Archie Bleyer1,†,*, Cornelia Baines 2 and Anthony B. Miller 2
Version of Record online: 15 DEC 2015 DOI: 10.1002/ijc.29925
© 2015 UICC
Issue International Journal of Cancer
International Journal of Cancer
Volume 138, Issue 8, pages 2003–2012, 15 April 2016
Archie Bleyer, MD is Chair of the Institutional Review Board for the St. Charles Health System in Central Oregon and author/co-author of over 100_original_reports on clinical research that required CISR approval. He is also a clinical research professor.
Archie Bleyer, Professor of Clinical Research at the Oregon University of Science and Health published together with G.Welch, American cancer researcher in 2012 in the NEJM, an update on the effects of three decades of screening on breast cancer incidence from 1978 to 2008. The finding of the study was that the small reduction observed in advanced cancers was not proportional to the impressive increase (doubling) in the early stage cancers.
This year Archie Bleyer and Tony Miller, Professor Emeritus at the University of Toronto, who conducted a 25-year follow-up study of women from Canadian trials*, are studying the extent to which reduced breast cancer mortality is attributable to screening mammography. The authors examine the impact of screening mammography along three dimensions:
1) A chronology study, to see if the decline in breast cancer mortality would be correlated with the introduction of screening campaigns.
2) A magnitude study to examine whether the decline in mortality would be proportional to the rate of screening mammography.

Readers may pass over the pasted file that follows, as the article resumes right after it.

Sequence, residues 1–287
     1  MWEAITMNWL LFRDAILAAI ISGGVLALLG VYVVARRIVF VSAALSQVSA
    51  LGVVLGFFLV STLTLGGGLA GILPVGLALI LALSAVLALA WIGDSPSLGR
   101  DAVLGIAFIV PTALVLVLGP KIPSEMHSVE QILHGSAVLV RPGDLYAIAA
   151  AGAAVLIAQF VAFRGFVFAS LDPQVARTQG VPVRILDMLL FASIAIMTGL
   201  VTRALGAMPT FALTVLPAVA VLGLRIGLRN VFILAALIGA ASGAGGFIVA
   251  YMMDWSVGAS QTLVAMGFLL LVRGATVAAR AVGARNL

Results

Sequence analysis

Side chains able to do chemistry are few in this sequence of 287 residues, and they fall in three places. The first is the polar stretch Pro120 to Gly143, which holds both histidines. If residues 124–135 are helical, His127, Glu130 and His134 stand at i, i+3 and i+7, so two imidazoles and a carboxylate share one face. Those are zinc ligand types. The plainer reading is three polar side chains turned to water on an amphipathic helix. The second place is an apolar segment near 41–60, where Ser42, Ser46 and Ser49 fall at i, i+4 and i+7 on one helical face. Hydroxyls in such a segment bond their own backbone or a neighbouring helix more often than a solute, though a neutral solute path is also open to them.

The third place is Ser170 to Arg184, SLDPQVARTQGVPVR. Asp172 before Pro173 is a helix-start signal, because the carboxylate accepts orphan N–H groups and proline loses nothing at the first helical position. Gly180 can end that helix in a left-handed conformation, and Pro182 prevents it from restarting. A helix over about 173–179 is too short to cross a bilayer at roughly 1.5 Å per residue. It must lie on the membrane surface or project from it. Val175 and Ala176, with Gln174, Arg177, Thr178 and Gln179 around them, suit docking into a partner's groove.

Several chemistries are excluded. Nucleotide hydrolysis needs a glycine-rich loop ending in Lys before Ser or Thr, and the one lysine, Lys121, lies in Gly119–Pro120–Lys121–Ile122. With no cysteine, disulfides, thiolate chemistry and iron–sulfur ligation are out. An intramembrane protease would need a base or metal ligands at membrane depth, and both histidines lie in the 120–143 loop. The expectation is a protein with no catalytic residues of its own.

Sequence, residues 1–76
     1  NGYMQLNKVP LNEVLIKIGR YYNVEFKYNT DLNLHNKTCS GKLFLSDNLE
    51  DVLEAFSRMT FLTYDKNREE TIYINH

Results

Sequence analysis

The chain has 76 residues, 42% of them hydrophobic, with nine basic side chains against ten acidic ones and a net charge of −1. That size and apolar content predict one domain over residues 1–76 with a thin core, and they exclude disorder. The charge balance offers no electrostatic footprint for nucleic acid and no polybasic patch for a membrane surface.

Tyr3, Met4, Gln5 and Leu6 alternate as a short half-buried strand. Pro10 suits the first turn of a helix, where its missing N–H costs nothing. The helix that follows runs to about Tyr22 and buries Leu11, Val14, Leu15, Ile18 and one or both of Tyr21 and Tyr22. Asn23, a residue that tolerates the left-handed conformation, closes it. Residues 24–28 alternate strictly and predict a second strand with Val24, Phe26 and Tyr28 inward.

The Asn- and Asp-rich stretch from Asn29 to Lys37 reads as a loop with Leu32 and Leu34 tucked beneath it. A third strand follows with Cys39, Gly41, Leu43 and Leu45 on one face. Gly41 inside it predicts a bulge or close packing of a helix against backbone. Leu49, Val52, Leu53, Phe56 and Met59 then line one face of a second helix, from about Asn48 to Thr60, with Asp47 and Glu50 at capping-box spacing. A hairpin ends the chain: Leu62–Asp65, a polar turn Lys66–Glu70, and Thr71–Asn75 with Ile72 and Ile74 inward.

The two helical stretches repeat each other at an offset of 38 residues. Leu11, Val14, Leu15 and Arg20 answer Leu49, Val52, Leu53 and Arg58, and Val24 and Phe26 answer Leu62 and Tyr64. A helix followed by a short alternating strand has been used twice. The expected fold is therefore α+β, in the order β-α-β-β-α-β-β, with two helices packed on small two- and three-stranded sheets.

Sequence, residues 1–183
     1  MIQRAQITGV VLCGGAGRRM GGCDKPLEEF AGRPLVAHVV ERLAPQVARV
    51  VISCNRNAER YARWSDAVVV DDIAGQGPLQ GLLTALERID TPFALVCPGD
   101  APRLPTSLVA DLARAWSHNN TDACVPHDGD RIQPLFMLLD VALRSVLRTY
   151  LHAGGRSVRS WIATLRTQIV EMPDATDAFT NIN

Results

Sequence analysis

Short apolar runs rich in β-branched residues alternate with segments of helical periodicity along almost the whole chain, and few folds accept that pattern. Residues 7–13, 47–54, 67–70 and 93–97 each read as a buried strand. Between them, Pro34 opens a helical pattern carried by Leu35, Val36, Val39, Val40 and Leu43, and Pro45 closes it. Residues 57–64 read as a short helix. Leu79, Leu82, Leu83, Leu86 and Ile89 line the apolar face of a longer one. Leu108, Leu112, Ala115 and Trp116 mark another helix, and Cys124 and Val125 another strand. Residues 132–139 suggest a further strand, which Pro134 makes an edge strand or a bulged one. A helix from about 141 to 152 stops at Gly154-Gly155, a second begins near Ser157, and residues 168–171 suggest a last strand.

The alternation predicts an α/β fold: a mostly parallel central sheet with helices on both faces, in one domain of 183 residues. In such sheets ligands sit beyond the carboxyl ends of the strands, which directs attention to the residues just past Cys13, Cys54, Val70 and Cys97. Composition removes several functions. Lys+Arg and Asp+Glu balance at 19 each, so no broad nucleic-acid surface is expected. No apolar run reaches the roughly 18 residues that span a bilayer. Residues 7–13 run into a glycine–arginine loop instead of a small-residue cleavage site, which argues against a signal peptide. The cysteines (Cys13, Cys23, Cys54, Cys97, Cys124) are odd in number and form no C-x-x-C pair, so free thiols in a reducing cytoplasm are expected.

3) And then, an analogy study, by studying the mortality reduction model for other forms of cancer, for which population screening is not conducted.
Regarding the first two axes of study, using data from eight European and North American countries, the authors find no correlation between the penetration of national screening and either the chronology or magnitude of national breast cancer mortality reduction.
(Indeed, since the 1990s, cancer mortality has been decreasing, but the reasons highlighted by other studies (Autier, Jorgensen, Kalager) are essentially therapeutic progress, and perhaps the effects of real prevention campaigns against risk factors are also being seen)
The magnitude of the mortality decline is even greater in the unscreened, younger women than in the screened population, as observed in the United States.
There is no correlation between the extent of screening and the magnitude of the decrease in cancer mortality in recent years.
Finally, the comparative study of 14 other types of cancers shows a similar decline in mortality rates for these cancers, even though these other cancers are not subject to screening campaigns.
*Twenty five year follow-up for breast cancer incidence and mortality of the Canadian National Breast Screening Study: randomised screening trial.
BMJ 2014; 348 doi: http://dx.doi.org/10.1136/bmj.g366 (Published 11 February 2014)
Quote this as: BMJ 2014;348:g366 https://www.bmj.com/content/348/bmj.g366
The authors conclude that the degree to which observed reductions in breast cancer mortality is attributable to screening mammography has become increasingly controversial.
A comparison of eight countries in Europe and North America shows no correlation between national screening penetration and either the chronology or magnitude of national breast cancer mortality reduction.
Evidence from the three different approaches and other additional observations do not support the hypothesis that mammography screening is a primary reason for breast cancer mortality reduction in Europe and North America.
See also: https://www.bmj.com/content/343/bmj.d4411
Pr P. Autier conclusions: The contrast between the timing of breast cancer screening being implemented and the similarity in mortality reduction between the country pairs do not suggest that a large proportion of the mortality reduction can be attributed to mammography screening.